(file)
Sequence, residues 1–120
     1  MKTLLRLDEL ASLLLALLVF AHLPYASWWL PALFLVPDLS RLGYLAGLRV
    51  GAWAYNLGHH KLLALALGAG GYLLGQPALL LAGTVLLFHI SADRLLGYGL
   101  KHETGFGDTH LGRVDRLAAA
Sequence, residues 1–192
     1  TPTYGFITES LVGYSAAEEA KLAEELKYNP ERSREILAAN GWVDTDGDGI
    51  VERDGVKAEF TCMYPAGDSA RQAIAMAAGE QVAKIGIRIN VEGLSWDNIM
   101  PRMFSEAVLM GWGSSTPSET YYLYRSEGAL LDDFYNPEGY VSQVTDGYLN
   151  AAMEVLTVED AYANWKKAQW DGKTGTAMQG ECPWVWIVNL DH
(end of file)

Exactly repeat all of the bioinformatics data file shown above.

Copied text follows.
Sequence, residues 1–120
     1  MKTLLRLDEL ASLLLALLVF AHLPYASWWL PALFLVPDLS RLGYLAGLRV
    51  GAWAYNLGHH KLLALALGAG GYLLGQPALL LAGTVLLFHI SADRLLGYGL
   101  KHETGFGDTH LGRVDRLAAA
Sequence, residues 1–192
     1  TPTYGFITES LVGYSAAEEA KLAEELKYNP ERSREILAAN GWVDTDGDGI
    51  VERDGVKAEF TCMYPAGDSA RQAIAMAAGE QVAKIGIRIN VEGLSWDNIM
   101  PRMFSEAVLM GWGSSTPSET YYLYRSEGAL LDDFYNPEGY VSQVTDGYLN
   151  AAMEVLTVED AYANWKKAQW DGKTGTAMQG ECPWVWIVNL DH